Houston residents have to deal with distracted drivers all the time on the interstate and highways. Approximately one-quarter of deaths in auto accidents are attributed to driver distraction.
So what is so important that it diverts the motorist’s attention from the all-important task at hand — driving? While almost anything might distract drivers at least momentarily, it turns out there are some common culprits:
Daydreaming: The number one cause of driver distraction turns out to be the driver’s own thoughts, as 62 percent of fatal collisions involving distraction are caused by motorists who are lost in thought behind the wheel.
Cellphone usage: Few will be surprised to learn that 12 percent of fatal distraction-related car accidents are caused by drivers using their cellphones while driving.
Outside people, items or actions: Rubbernecking at accident scenes or checking out people on the street or driving other vehicles is the reason for 7 percent of distracted-driving wrecks.
Passengers: Drivers talking and interacting with their passengers account for 5 percent of distracted-driving accidents. Picture a mom turning around to discipline her children and running into the car ahead of her.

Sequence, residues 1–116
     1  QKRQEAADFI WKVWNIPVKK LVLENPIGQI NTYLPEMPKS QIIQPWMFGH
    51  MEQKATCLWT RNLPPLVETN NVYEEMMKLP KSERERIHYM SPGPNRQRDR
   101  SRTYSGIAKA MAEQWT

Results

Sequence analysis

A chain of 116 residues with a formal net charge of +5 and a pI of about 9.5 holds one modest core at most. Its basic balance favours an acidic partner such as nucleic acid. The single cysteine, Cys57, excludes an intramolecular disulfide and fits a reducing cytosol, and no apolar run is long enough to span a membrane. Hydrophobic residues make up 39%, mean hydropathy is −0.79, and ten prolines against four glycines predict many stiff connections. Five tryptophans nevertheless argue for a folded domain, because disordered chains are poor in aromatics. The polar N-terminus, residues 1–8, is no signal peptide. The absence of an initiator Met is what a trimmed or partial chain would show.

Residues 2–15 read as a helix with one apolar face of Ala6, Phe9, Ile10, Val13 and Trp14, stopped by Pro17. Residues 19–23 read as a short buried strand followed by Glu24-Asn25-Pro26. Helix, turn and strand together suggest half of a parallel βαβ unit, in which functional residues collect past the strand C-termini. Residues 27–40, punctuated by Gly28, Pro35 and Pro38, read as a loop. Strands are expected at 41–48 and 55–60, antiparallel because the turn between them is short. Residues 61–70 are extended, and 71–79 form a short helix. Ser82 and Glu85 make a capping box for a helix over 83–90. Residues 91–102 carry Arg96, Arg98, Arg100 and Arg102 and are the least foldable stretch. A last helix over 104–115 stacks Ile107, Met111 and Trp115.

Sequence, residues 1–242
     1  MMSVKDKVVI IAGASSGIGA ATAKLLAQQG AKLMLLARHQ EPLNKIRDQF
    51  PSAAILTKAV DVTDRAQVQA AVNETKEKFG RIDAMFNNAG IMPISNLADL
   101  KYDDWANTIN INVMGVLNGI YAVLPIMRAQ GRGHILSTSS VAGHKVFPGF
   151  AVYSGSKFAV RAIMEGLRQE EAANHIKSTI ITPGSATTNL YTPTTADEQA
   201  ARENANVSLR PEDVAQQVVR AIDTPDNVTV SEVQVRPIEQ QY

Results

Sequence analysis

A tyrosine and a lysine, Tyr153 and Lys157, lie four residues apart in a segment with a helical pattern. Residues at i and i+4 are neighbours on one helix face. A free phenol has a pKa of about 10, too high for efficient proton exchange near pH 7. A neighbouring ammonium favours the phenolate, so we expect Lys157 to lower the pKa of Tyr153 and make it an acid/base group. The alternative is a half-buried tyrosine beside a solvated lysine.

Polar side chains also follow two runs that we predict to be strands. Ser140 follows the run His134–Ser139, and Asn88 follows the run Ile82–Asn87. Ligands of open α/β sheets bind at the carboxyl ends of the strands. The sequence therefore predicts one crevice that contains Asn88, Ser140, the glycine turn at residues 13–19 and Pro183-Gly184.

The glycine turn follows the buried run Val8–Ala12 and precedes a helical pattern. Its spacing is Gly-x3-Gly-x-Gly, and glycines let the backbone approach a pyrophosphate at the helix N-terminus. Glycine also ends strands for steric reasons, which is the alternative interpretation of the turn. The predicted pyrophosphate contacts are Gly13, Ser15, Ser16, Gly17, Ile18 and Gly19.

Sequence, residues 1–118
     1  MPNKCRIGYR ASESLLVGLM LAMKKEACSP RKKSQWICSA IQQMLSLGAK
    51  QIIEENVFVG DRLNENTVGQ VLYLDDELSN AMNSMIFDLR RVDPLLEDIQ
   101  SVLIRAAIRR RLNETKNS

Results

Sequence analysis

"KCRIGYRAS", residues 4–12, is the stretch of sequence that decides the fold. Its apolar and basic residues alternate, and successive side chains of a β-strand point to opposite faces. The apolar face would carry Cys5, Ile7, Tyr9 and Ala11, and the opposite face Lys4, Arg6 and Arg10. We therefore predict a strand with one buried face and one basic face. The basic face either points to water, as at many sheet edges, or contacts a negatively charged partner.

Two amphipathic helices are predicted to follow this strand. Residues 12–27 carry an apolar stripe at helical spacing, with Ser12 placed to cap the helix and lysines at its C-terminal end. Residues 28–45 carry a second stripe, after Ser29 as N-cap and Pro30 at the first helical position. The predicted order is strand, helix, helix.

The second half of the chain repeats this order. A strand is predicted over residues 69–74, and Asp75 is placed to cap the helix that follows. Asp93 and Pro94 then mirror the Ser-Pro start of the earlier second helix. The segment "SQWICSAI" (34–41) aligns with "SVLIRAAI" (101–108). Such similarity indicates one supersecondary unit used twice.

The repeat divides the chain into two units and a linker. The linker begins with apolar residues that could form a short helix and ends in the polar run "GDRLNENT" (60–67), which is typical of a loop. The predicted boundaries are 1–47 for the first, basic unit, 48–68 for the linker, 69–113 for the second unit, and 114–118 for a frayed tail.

Reaching for something in the car: Two percent of crashes occur when drivers attempt to grab something out of reach in the vehicle.
Adjusting the sound system, heater or AC controls: Another 2 percent of distracted-driving crashes happen when drivers fiddle with something on the dashboard.
Drinking and eating: Almost everyone is guilty of doing this while driving. Still, 2 percent of fatal collisions are attributed to this distraction.
Operating controls within the vehicle: A very small percentage of fatal accidents are caused by drivers adjusting their mirrors, seatbelts, seat positions, etc.
Smoking: One out of 100 wrecks is due to a driver smoking a cigarette.
Moving objects: An underreported distraction that leads to wrecks is having pets loose in the vehicle. Same with random bugs that fly in the window and scare drivers.
As you can tell, most (if not all) driving distractions are completely avoidable. If you’re injured in a wreck with a distracted driver, you may want to take legal action to recoup your financial losses.
Source: Safestart, “Top 10 Causes of Distracted Driving—and What They All Have in Common,” accessed May 04, 2018